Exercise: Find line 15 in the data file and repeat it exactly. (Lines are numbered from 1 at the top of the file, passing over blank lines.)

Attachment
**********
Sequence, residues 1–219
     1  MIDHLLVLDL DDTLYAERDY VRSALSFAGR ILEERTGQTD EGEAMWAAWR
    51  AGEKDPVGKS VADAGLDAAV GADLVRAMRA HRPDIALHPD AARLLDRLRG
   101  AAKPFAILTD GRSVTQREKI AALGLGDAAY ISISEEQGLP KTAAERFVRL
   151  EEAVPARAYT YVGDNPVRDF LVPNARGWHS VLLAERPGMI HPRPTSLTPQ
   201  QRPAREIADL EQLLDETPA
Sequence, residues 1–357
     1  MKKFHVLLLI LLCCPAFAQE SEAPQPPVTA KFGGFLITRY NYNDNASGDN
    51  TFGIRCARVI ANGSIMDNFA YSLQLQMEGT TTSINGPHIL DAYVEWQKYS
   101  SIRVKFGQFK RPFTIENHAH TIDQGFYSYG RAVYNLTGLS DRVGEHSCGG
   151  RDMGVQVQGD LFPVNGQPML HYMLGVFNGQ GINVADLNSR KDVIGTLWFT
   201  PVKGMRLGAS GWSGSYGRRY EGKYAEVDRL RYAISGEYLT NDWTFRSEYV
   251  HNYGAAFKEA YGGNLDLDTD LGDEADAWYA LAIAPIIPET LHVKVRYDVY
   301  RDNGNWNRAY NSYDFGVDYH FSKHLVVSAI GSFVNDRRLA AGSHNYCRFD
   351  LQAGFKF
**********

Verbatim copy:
   351  LQAGFKF